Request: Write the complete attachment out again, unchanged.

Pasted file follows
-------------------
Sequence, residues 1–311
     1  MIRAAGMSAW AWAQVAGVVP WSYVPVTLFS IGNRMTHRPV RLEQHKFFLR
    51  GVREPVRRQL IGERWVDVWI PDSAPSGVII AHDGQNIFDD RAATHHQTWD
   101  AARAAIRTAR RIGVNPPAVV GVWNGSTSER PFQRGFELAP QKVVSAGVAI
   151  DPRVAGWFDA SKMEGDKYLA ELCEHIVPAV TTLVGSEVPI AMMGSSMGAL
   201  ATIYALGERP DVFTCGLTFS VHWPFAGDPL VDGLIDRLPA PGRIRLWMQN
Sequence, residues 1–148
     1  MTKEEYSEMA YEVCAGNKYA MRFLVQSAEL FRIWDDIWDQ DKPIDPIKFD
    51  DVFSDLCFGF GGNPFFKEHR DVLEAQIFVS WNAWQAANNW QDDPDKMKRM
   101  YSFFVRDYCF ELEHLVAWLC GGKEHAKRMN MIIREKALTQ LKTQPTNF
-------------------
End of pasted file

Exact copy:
Sequence, residues 1–311
     1  MIRAAGMSAW AWAQVAGVVP WSYVPVTLFS IGNRMTHRPV RLEQHKFFLR
    51  GVREPVRRQL IGERWVDVWI PDSAPSGVII AHDGQNIFDD RAATHHQTWD
   101  AARAAIRTAR RIGVNPPAVV GVWNGSTSER PFQRGFELAP QKVVSAGVAI
   151  DPRVAGWFDA SKMEGDKYLA ELCEHIVPAV TTLVGSEVPI AMMGSSMGAL
   201  ATIYALGERP DVFTCGLTFS VHWPFAGDPL VDGLIDRLPA PGRIRLWMQN
Sequence, residues 1–148
     1  MTKEEYSEMA YEVCAGNKYA MRFLVQSAEL FRIWDDIWDQ DKPIDPIKFD
    51  DVFSDLCFGF GGNPFFKEHR DVLEAQIFVS WNAWQAANNW QDDPDKMKRM
   101  YSFFVRDYCF ELEHLVAWLC GGKEHAKRMN MIIREKALTQ LKTQPTNF